Tenancy Fees. Justified or Just A Rip Off?

The Labour Party has launched an attack on the letting agents of this land.

We are, apparently, money-grabbing scum who are making life difficult for “Generation Rent” … people who can’t afford (or choose not) to buy their first home and who therefore have (choose) to rent.

The plan is to ban letting agents from charging tenants a fee for setting them up with a home to live in.

There are other proposals, too, like legislating that a standard tenancy should last three years, rather than the current six months, but as this idea is, in my opinion, totally unworkable (as it is far too long a commitment for most landlords AND tenants), I shall ignore that for the moment.

If I decide to have Sky TV beamed into my home, I will have to pay a set-up cost for the work involved in getting 900 channels of rubbish to appear on my wall-mounted flat-screen set (which I will have bought from a store that bizarrely would have charged me more than they paid for it in the first place. How unfair is that?).

If I want to go on holiday, I fully expect the cost I pay for flights and hotels to include a sum for the High Street travel agency that I booked the trip through. Otherwise they would probably not be able to afford to exist.

When I call a plumber to identify why the water pressure in my shower is not as powerful as it was last week, I fully expect to pay a call out fee. I may not like it, but I do expect it.

If I were one of the lucky “Own Generation” who could afford to buy a home, I would not be entirely surprised, once I’d got through all the questions about how often I have my hair cut (not very often as it happens) and how many times I eat steak, to be told I would have to pay an arrangement fee to secure a mortgage.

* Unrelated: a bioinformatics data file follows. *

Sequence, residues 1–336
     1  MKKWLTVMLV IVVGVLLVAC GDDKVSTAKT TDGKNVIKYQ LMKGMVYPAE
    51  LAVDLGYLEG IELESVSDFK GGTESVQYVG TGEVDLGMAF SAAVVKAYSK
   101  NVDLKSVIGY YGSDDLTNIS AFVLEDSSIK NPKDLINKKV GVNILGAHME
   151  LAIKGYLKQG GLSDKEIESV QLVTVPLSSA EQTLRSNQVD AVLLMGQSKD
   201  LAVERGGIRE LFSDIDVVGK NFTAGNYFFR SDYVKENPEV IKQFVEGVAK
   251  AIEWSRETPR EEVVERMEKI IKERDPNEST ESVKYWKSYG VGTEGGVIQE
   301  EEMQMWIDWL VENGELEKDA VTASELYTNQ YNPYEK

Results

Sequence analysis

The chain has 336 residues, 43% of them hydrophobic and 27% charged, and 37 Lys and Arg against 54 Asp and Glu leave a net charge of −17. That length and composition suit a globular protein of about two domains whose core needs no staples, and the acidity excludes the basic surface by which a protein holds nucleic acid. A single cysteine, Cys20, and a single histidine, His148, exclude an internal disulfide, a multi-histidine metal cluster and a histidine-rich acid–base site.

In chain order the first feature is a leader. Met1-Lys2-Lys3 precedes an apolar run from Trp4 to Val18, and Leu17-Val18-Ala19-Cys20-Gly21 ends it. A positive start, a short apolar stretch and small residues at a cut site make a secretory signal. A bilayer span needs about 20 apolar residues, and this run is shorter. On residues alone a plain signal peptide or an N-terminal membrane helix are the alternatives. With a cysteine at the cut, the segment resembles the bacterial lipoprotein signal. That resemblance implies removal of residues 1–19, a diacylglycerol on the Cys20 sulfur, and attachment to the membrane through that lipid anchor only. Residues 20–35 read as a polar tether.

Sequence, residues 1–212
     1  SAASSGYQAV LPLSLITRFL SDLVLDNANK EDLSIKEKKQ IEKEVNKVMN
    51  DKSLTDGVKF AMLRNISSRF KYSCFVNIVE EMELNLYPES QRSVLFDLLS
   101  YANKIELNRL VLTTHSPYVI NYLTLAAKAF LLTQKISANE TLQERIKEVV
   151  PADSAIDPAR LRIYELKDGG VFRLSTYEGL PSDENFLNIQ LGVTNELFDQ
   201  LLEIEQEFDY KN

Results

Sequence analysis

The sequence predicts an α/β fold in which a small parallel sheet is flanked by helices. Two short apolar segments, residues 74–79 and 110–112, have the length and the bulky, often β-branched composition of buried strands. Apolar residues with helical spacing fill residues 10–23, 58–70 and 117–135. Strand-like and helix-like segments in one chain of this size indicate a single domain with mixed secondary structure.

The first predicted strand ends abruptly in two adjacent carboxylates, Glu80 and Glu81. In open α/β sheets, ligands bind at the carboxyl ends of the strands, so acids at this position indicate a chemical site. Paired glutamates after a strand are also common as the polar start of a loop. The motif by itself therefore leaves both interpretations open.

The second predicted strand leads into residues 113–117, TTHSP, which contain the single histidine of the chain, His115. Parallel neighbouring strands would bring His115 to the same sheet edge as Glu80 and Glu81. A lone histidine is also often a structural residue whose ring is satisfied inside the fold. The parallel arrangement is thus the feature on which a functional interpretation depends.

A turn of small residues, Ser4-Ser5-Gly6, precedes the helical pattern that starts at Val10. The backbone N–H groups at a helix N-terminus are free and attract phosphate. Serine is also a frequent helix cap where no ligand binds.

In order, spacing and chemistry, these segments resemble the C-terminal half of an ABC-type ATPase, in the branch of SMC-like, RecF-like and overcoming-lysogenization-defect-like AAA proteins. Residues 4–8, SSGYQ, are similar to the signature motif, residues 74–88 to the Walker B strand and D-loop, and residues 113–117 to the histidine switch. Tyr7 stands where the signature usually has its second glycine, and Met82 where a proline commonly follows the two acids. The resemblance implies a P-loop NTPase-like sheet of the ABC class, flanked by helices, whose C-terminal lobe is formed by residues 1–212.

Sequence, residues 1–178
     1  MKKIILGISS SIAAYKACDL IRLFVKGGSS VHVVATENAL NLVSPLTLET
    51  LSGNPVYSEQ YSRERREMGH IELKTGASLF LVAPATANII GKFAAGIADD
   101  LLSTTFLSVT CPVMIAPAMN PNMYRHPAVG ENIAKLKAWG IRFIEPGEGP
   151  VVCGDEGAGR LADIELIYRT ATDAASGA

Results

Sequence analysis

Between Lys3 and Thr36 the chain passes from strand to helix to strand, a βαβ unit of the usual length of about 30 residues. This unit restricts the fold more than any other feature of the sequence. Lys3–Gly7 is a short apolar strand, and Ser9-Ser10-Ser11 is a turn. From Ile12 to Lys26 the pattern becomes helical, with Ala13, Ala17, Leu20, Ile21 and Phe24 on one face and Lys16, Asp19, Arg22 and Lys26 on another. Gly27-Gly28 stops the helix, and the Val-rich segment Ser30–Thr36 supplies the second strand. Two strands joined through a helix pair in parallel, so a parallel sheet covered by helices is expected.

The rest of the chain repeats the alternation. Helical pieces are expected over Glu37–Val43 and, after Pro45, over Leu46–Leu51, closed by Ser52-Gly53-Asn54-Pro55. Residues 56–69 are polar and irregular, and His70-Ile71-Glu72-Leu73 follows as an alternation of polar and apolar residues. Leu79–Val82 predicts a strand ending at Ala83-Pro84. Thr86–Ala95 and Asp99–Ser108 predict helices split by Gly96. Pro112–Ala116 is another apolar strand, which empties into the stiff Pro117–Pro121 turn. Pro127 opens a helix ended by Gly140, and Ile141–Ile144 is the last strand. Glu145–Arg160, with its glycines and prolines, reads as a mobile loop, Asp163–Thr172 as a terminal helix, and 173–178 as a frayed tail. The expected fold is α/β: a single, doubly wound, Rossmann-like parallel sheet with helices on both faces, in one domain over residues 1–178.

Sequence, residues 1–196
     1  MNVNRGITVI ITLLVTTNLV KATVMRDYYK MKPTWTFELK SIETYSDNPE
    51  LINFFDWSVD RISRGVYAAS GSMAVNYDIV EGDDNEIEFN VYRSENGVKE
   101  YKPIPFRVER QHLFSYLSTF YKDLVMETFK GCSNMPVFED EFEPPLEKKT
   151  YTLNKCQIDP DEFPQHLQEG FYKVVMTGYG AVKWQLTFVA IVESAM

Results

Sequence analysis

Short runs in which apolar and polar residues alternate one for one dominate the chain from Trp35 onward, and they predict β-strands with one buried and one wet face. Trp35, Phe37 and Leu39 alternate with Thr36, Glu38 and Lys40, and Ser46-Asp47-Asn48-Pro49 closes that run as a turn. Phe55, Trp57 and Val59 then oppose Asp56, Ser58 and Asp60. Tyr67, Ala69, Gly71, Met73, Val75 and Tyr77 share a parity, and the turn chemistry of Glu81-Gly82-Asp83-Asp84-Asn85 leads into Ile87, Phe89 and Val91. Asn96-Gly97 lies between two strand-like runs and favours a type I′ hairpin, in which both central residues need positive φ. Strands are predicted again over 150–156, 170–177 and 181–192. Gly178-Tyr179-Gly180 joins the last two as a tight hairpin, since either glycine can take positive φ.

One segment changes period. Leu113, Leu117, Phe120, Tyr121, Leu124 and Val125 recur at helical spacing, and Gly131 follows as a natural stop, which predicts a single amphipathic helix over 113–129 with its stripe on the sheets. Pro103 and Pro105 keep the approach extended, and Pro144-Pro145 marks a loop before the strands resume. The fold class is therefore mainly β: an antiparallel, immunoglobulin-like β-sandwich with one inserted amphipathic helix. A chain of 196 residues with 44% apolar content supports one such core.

So when I apply to rent a home to live in, with all the risks that are attached to the owner of the property (Will I always pay the rent on time so that they can pay their mortgage? Will I pay for utilities like gas, water and electricity? Will I look after the place or will I daub black paint randomly about the place, break all the appliances and set up an illegal forestry in the attic?), does it not stand to reason that I should be checked out for my suitability? And isn’t it reasonable to expect this work to be chargeable?

I don’t think I’d find it unreasonable to pay a fee to be checked out. And, certainly, we haven’t found that any of the tenants we’ve put into properties over the last six years have ever objected.

But then, they know that they’re not going to be charged anything else by us once the tenancy has started.

What? No renewal fee? Well, no, actually.

Once an assured shorthold tenancy comes to the end of its initial term, it can be left well alone to become periodic (some might say month-to-month, although that’s not strictly accurate).

Why should we charge a renewal fee for renewing something that is not necessary? Well… we perhaps shouldn’t. Which is why we don’t. And never have.

So, @Ed_Miliband and @EmmaReynoldsMP … you’re missing the point, really. There is no reason why letting agents shouldn’t be paid a REASONABLE fee for setting up a home for someone to live in and enjoy.

If you want to make yourselves popular with “Generation Rent”, go after the agents who charge unreasonably. And those who charge renewal fees when there is no need.

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